One of the most senior leaders of Saddam Hussein’s government and the highest-ranking figure to have eluded capture after the American invasion in 2003 has died, according to Iraqi officials and the deceased dictator’s Baath Party.
The party said Sunday that Izzat Ibrahim al-Douri, a close aide to Saddam, had died in Iraq a day earlier. Muqtada al-Sadr, a populist Shiite cleric and a leading political figure in the country now, tweeted about Douri’s death, wishing on him “hell and a bad destiny.”
The Baath Party did not give a cause of death. But Douri suffered from leukaemia and received treatment for it for years, according to Essam Alrawi, a commander and a militant in the Baath Party, who spoke in an interview from the Jordanian capital, Amman.
After the United States invasion of Iraq in 2003, Douri was dubbed the “king of clubs” in the deck of cards that sought out the most-wanted members of Saddam’s government. US officials, believing he was behind a spate of attacks, offered a $10 million reward for information on Douri’s whereabouts.
Saddam’s daughter, Raghad, said in a post on Twitter announcing the death that Douri was “the brother and real supporter for my father during his rule and after.”
Douri, 78, was Saddam’s right-hand man and part of his inner circle in a government that dealt brutally with Iraqi civilians and unleashed catastrophic regional wars.
He was the secretary-general of Saddam’s once-powerful but now banned Baath Party, which called him a passionate and faithful leader who believed in the right of his people to a dignified life. Even though it is banned, the party has continued to send emails and messages on social media occasionally.
“Today, the knight of the Baath and the Iraqi national resistance has dismounted from his horse,” the statement read, adding that Douri was a “symbol of courage, heroism and sacrifice.”
The Iraqi Parliament also noted Douri’s death in a statement issued Thursday in which it condemned a Tunisian politician for demanding that a verse from the Quran be read in Douri’s honour. The Iraqi Parliament called Douri “a fugitive from justice” and said he was involved in the killing of thousands of Iraqis.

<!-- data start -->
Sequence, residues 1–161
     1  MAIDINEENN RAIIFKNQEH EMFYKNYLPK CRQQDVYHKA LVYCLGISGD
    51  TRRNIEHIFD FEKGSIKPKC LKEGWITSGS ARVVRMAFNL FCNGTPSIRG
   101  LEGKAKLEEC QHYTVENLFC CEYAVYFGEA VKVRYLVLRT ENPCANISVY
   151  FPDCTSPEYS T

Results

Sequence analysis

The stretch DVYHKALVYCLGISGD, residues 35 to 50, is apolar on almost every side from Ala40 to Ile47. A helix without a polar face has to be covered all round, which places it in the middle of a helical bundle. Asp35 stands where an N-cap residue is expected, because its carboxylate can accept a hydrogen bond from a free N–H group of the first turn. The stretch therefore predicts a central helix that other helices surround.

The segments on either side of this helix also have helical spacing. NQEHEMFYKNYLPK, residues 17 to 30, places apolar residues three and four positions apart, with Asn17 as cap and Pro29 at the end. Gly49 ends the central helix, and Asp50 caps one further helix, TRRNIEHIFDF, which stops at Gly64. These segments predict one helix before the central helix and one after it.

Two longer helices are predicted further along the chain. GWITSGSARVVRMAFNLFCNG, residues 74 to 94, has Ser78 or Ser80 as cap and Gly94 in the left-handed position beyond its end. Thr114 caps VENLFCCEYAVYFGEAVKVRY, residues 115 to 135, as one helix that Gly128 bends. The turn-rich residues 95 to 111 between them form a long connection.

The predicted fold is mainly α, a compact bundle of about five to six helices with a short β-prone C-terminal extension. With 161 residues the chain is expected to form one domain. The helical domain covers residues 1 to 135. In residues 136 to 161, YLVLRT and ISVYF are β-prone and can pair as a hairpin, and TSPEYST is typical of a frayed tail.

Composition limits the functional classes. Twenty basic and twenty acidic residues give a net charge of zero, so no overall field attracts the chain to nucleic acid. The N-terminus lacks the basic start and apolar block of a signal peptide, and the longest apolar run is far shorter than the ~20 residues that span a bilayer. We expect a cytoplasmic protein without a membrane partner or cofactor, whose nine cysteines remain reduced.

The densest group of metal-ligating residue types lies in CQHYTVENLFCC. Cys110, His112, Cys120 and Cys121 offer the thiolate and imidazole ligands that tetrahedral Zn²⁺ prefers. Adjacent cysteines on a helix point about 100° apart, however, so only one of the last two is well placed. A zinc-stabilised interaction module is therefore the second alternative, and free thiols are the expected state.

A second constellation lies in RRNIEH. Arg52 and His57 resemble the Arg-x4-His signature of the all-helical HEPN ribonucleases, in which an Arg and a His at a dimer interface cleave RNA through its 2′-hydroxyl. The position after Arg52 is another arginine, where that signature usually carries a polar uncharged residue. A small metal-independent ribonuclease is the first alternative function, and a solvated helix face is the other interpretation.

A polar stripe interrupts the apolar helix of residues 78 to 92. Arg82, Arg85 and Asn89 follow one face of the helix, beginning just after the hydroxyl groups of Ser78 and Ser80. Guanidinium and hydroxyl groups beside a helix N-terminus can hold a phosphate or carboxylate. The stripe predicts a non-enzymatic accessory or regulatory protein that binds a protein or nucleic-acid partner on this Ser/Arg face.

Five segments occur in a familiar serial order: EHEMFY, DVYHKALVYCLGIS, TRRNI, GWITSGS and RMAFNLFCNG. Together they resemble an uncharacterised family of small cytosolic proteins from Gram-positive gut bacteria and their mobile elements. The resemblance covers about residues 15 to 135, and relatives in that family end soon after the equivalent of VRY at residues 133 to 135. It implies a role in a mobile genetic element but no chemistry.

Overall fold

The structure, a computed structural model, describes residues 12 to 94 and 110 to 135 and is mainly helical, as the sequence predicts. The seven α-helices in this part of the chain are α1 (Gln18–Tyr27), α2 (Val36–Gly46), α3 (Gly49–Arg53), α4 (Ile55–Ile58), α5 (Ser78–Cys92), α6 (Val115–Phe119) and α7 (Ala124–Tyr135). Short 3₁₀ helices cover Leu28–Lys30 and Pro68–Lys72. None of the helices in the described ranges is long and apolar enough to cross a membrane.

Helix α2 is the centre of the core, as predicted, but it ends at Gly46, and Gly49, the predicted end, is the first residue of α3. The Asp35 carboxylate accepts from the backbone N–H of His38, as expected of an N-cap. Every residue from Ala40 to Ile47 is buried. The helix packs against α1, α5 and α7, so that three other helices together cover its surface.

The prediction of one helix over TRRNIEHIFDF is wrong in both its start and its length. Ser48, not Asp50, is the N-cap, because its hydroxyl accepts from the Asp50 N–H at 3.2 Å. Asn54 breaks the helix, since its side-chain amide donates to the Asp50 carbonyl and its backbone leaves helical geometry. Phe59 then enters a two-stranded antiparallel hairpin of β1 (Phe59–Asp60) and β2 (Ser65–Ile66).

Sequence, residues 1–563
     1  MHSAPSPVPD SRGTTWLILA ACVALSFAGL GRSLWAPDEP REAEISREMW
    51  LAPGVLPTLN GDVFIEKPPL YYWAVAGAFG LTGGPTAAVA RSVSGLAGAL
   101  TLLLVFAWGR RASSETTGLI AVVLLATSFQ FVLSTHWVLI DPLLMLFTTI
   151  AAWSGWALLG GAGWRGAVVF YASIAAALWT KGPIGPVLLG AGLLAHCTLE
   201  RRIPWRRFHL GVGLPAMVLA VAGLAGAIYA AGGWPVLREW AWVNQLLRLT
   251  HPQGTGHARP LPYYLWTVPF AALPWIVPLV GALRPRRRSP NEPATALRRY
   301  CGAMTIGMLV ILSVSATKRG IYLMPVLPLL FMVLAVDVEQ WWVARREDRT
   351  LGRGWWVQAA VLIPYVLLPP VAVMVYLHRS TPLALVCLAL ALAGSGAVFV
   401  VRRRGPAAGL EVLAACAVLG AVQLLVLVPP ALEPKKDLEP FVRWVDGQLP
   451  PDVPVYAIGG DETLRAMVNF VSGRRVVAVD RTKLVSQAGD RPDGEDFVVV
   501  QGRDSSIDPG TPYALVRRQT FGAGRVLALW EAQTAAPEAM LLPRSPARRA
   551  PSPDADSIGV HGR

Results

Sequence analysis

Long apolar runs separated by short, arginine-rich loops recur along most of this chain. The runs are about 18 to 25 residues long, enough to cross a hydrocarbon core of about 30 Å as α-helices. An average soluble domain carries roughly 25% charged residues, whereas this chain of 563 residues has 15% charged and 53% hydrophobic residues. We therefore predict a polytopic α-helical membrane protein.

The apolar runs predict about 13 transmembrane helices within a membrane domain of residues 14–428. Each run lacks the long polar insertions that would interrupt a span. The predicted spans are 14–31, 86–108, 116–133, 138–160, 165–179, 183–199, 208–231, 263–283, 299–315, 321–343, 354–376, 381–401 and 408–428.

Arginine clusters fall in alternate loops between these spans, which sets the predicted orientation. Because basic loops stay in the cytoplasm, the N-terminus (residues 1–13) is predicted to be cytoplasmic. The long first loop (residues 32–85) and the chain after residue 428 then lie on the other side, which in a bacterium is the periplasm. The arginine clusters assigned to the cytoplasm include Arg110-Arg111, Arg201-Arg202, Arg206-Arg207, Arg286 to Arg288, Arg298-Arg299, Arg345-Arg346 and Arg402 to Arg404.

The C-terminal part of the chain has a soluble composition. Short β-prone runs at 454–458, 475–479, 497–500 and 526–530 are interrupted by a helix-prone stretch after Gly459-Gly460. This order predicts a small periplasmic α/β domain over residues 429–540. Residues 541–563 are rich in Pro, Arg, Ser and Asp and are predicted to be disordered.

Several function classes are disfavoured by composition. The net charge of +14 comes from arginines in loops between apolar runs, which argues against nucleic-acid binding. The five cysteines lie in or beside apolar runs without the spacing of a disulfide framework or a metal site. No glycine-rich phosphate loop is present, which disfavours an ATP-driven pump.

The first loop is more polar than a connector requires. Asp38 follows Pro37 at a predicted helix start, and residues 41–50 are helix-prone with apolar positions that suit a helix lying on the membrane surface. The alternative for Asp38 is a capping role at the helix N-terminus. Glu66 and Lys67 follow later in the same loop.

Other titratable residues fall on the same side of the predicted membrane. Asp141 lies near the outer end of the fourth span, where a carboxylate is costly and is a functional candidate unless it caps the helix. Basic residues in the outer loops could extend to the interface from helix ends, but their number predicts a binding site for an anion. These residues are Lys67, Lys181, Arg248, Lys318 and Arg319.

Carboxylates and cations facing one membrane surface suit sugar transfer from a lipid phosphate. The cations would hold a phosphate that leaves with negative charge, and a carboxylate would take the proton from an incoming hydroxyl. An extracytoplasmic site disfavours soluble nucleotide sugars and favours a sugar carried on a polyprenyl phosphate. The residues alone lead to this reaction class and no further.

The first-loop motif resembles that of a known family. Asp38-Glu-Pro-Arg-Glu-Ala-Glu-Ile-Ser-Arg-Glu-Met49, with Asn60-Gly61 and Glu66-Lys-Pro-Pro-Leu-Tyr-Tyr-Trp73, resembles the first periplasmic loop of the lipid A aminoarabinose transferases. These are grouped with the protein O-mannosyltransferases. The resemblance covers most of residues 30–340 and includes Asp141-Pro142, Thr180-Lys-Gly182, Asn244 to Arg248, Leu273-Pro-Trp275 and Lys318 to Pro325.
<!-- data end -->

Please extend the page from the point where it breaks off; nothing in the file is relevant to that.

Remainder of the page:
Douri was one of the most trusted allies of Saddam, who ruled Iraq with an iron grip for almost a quarter-century. Under his rule, Saddam crushed dissent, fostered a personality cult among Iraqis and cracked down on uprisings by the country’s Shiite majority and Kurdish minority.
He invaded neighbouring Iran and Kuwait — two wars that proved catastrophic for Iraq’s economy and led to the death of hundreds of thousands of people. Saddam presided over a government that was dominated by the Sunni minority and the Baath Party.
Following the Sept. 11, 2001, attacks, the United States invaded Iraq and Saddam was eventually captured and sentenced to death. Baath Party members and many other Sunnis were kicked out of government jobs — deepening tensions between the country’s Shiite majority and Sunni minority.
For nearly 25 years, Douri served in several high-ranking government and military posts, including agriculture and interior minister. Rights groups accused him of using excessive military force numerous times, including carrying out a “policy of mass murder” against Iraq’s Kurdish minority in 1988.
Douri had been reported dead before, once in 2005 and again in 2015. But he continued to appear in audio and video recordings after that. While his wife and daughter had been arrested, Douri had evaded capture and assumed the role of Baath Party leader after Saddam was hanged in 2006.
In recent years, he also rose as a leader of the Naqshbandi Order, an insurgent group that included loyalists of Saddam and joined forces with the Islamic State as it conquered vast territory across Iraq.
While in hiding, Douri urged Sunni Muslims to rise up against the Shiite-dominated government of the previous prime minister, Nouri al-Maliki.
Douri was back in the news recently after a former interior minister under ex-Premier Ibrahim al-Jaafari warned that Douri had been helping to plot a potential military coup.
Douri was born July 1, 1942, in the town of al-Dour in Salahuddin Province near Saddam’s hometown of Tikrit. He grew up poor and worked as an ice seller.
He married five times and had 24 children: 13 daughters and 11 sons.
Douri’s death reverberated among Baath Party supporters across Iraq and the Middle East. Hassan al-Alawi, a former lawmaker, said his death was “a big loss” for the party and its leadership.
© 2020 New York Times News Service